Re: [dm-devel] [RFC][PATCH] dm-cache: block level disk cache target for device mapper

From: Jens Wilke
Date: Thu Nov 30 2006 - 15:08:10 EST

On Thursday 30 November 2006 17:24, Eric Van Hensbergen wrote:
> On 11/30/06, Jens Wilke <jens.wilke@xxxxxxxxxx> wrote:
> > On Monday 27 November 2006 19:26, Eric Van Hensbergen wrote:
> >
> > If this is intended to speed up remote disks, is it possible that the cache content
> > can be paged out on local disks in low-mem situations?
> >
> The main intent was to use local disks as cache to offload centralized
> remote disks. The logic was that most systems have local disks, if
> only for swap -- so why not use them as a cache to help offload
> centralized storage. While the in-memory page cache works perfectly
> fine in certain situations -- we were dealing with workloads in which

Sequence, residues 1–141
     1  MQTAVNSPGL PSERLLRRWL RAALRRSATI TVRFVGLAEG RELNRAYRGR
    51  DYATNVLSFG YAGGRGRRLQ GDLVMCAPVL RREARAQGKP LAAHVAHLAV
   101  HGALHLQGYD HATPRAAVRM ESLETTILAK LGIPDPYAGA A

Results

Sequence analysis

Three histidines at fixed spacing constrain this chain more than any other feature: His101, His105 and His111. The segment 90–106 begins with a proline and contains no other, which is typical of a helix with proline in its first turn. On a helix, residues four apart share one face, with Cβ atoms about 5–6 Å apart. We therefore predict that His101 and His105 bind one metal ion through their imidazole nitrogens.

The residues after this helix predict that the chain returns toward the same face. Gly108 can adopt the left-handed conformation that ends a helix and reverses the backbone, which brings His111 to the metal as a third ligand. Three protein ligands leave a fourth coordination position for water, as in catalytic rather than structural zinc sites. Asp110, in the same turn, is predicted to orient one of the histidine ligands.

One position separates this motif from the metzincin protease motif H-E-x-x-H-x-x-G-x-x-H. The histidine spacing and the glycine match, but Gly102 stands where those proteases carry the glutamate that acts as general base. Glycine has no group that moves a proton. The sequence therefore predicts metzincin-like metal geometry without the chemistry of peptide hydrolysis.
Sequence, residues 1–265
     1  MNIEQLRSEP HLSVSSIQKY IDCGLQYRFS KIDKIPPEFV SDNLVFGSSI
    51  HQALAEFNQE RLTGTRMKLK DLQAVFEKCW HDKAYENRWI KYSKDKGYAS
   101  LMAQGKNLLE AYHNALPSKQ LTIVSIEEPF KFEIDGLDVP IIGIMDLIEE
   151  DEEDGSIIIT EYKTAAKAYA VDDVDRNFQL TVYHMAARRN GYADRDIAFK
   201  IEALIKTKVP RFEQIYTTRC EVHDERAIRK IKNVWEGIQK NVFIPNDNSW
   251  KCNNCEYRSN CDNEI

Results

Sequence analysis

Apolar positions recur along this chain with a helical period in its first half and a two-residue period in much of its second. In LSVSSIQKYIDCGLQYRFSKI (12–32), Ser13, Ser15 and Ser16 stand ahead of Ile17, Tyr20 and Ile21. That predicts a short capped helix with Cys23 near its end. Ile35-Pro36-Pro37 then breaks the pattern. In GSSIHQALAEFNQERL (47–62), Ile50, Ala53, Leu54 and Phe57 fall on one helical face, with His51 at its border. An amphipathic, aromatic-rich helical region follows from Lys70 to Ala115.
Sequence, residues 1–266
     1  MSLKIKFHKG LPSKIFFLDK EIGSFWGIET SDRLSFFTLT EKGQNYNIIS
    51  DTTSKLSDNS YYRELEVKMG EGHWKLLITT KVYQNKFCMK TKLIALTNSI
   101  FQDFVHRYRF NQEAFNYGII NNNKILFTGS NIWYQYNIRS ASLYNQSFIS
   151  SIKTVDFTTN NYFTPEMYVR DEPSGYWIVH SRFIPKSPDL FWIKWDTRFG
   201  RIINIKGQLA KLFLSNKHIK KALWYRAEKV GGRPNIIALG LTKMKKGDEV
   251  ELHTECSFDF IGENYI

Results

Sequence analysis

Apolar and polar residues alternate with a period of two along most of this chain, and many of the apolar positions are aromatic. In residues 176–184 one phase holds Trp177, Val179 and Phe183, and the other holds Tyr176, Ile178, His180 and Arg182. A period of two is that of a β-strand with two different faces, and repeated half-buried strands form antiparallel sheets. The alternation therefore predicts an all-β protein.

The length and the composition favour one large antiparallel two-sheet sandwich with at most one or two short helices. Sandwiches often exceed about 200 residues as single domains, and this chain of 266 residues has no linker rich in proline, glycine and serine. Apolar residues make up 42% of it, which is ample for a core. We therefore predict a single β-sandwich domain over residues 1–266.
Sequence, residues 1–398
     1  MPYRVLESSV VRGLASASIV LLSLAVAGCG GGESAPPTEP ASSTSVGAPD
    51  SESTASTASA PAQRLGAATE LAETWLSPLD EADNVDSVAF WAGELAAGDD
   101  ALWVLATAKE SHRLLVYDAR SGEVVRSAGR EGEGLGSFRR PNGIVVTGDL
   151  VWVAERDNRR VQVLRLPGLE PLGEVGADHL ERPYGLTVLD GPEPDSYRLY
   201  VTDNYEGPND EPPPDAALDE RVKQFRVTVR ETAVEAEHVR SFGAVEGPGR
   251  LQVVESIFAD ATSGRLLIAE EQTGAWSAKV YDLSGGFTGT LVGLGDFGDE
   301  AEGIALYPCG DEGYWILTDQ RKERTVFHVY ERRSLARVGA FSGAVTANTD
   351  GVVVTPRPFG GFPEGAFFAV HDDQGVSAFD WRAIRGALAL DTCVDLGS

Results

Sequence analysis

> the in-memory page-cache wasn't sufficient to hold all the data.

I derived from the code that the cache is actually another block device
and not memory. Maybe you should give a little more description and
a sample 'dmsetup create' statement.

> There are also some additional possibilities we've thought through and
> have been playing with including allowing the local disk cache to be
> persistent across reboots (with varying validation schemes).

Yes, I like the idea. It would be also possible to use NV-Ram
as write back cache, for example in notebooks, to avoid
disk spin-ups or to improve transaction performance in
enterprise applications.

Maybe it would also make sense to prefill the cache contents
on startup with a bulk I/O request?

Comments on the code:

- The data of the write back cache should be flushed on suspend and not
in the destructor.
- You don't keep track of I/O on the fly to the cache that is mapped
directly in cache_hit(). How do you make sure that this I/O is completed
before you replace a cache block?
- The cache block index is hashed, this means the cache data blocks are not
clustered. I don't think you can solve this problem with a proper hash function.
Perhaps you should consider a (B-)Tree structure for that.


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